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A Striking Start

by Peter Pupello / Tampa Bay Lightning

It was a sight many had never seen before – approximately 10, 400 fans packed into a barn to witness, of all things, professional hockey in Tampa Bay.

Sure, the natives had observed lightning a time or two, but not like this.

Twenty years ago today, on October 7, 1992, the National Hockey League's expansion franchise, the Tampa Bay Lightning, hosted the Chicago Blackhawks in the franchise's inaugural game inside Expo Hall, a small indoor arena suited more for housing livestock each year at the annual state fair.

Humble beginnings, one might say, that was until the puck actually dropped, in which shortly after it appeared that the league's newest kid on the block brought some bite to the Bay Area.

Led by Chris Kontos' four-goal game, a franchise single-game record that still stands today, the Lightning defeated the Blackhawks 7-3 to officially usher in a new era of hockey in Tampa Bay.

"I'll never forget that night," Lightning founder Phil Esposito said. "The building was packed, and right then and there, I knew we had these people's attention. And, on top of that, we won, too."

While the lore of the inaugural game likely will never be forgotten by both players, team personnel, and the fans in the seats that night, the team's journey actually begun approximately a month earlier, in September 1992, when 72 hopefuls gathered on a choppy sheet of ice at the Lakeland Civic Center, hoping to catch the eye of Esposito and then-head coach Terry Crisp.

Among them were NHL regulars Rob Ramage, Adam Creighton, Doug Crossman and Marc Bergevin. They were joined by retreads hoping for another shot, such as Ron Duguay and Larry Melnyk. Then, of course, there were the unknowns looking to get their skate in the door, most notably Kevin MacKay, Rich Braccia and Daniel Shank.

Before long, previously unheralded players such as Kontos, Brian Bradley, John Tucker, Danton Cole, Wendell Young and Rob Zamuner would become household names for some of the NHL's most loyal fans.

After all, the newly-assembled group did make for a stunning debut, but as Esposito would say later, it hardly went off without a hitch.

Take for example the home team's facilities, which came equipped with standard locker stalls and changing areas, but wasn't quite spacious enough to house the training table on which players would often lie to receive treatments for sore muscles and other various ailments common to athletes.

"The place was so small, we had to put the training table outside of the dressing room," Esposito recalled.

Actually, outside of the building was more like it, specifically under a set of palm trees that could be seen about 100 feet out the locker room's back door. In fact, rumor has it those were the same trees in which the team's first-round draft pick, Roman Hamrlik, was seen serenely fishing under one time before a team pre-game meeting.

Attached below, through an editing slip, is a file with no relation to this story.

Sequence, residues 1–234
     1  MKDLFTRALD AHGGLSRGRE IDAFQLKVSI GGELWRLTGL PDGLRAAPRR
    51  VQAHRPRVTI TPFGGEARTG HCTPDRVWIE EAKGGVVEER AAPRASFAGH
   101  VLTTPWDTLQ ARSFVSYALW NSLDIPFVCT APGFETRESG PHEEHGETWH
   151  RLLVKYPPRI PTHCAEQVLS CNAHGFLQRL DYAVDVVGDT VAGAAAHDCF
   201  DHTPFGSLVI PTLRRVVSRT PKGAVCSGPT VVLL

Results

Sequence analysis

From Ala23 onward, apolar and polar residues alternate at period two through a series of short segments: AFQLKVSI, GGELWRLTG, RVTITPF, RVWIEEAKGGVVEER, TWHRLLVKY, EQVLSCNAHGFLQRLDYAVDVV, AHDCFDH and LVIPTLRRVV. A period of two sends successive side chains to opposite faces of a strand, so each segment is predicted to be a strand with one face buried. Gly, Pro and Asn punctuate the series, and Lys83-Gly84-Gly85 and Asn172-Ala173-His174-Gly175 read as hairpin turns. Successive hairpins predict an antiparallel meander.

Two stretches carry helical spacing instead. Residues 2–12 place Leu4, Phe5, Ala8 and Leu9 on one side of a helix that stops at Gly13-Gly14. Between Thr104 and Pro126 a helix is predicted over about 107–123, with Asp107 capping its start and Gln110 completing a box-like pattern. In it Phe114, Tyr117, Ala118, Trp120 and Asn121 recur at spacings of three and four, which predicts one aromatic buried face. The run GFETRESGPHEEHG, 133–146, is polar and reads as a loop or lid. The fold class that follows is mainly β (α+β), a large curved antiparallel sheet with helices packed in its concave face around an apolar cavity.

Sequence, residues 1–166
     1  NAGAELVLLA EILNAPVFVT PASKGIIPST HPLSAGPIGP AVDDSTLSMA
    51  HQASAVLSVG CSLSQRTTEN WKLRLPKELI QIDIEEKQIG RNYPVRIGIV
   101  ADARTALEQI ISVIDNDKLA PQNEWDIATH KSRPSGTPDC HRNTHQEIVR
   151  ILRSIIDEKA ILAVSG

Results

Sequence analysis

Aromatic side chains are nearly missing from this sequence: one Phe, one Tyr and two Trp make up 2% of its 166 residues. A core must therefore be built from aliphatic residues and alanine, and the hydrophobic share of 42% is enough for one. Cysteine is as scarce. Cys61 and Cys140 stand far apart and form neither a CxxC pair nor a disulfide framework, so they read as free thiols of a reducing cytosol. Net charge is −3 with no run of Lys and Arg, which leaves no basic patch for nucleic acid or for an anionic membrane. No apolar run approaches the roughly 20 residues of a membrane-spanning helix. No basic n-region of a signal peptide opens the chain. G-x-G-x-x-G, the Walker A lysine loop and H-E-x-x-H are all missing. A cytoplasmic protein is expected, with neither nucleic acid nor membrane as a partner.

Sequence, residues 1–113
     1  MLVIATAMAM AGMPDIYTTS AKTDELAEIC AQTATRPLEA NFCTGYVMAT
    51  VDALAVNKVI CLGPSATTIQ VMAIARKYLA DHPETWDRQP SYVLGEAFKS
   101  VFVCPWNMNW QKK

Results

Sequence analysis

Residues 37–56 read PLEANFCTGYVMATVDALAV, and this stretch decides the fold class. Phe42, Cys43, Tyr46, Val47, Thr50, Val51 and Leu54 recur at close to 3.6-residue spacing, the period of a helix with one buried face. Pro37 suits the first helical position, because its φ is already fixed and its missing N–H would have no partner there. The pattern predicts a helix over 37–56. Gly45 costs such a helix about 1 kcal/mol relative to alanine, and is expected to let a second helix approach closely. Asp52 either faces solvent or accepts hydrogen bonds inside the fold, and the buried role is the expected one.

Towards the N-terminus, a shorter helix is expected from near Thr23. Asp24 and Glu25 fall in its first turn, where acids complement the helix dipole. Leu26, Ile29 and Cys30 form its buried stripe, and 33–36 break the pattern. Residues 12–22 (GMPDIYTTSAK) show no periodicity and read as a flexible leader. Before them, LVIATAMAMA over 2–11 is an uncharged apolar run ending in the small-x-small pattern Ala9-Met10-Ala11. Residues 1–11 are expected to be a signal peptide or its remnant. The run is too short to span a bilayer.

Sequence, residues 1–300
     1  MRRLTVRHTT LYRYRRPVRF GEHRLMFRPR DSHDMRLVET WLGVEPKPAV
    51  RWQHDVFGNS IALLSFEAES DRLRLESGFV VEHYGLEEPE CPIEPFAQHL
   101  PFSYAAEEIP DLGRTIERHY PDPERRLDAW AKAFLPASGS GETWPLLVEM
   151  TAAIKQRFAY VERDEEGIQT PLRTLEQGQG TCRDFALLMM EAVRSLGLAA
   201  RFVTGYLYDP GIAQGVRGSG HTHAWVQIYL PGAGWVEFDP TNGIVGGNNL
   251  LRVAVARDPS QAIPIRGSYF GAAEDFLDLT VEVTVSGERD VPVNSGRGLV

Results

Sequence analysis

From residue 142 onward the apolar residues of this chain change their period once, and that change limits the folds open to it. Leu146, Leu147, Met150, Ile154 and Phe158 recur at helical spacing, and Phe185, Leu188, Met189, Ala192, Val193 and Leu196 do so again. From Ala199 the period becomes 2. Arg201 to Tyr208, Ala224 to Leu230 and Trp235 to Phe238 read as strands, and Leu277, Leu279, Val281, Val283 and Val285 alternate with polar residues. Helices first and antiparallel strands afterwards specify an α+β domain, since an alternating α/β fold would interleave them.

Keep in mind, this is the same Hamrlik who did not sign his first NHL contract until just hours before the puck drop on that opening night against the Blackhawks.

"They were a bunch of characters," Esposito said. "All of them."

Luckily, the jovial atmosphere inside the locker room that night did not seem to hinder any performance issues on the ice.

The same couldn't be said, though, for the rare diehards up in the cheap seats, who apparently knew more about hockey than the Fairgrounds' employees.

Kontos' third goal in the game to complete the hat trick proved to be marked with a bit of controversy. Not because it wasn't a good goal, but because what happened after likely went down as one of the most bizarre displays of occupational showmanship in the team annals.

Of the 10,425 in attendance that night, there was one fan – just one  – who celebrated Kontos' personal accomplishment in traditional fashion by tossing his own hat into the rink in an honorary salute to the Lightning forward.

Minutes later, that same fan was then escorted out of the building by an unsuspecting usher and several security guards, who simply perceived the act to be unruly.

"They tried to throw him out of the building," Esposito recalled. "We had to go down there and convince the folks who worked there to let him back in!"

Generally speaking, all is well that ends well, and that night in particular certainly did.

The unexpected beginning would prove to be a signal of more surprises to come for the Baby Bolts, who apparently didn't know they were supposed to roll over and play dead following the first month of the season.

In mid-November, goaltender Pat Jablonski pitched the first shutout in team history, and the 9-8-2 Lightning found themselves on top of the Norris Division with league heavyweights Detroit, Toronto, Chicago and Minnesota all taking a back seat.

However, the next 12 games would bring the team back to its humble beginnings, as a 1-11-0 stretch put the Lightning at the bottom of the division.

In the end, the team would post a better-than-expected 23-54-7 record, and the club would part ways with Ramage, Crossman, Basil McRae, Anatoli Semenov, Peter Taglianetti and Mike Hartman, as Esposito stockpiled young talent and draft picks with an eye toward the future. 

But those fortunate enough to enjoy the inaugural game of the 1992-93 Tampa Bay Lightning remember a team that never stopped working for a full 60 minutes. They also remember a special season that laid the groundwork for now what has become two decades of Lightning hockey.

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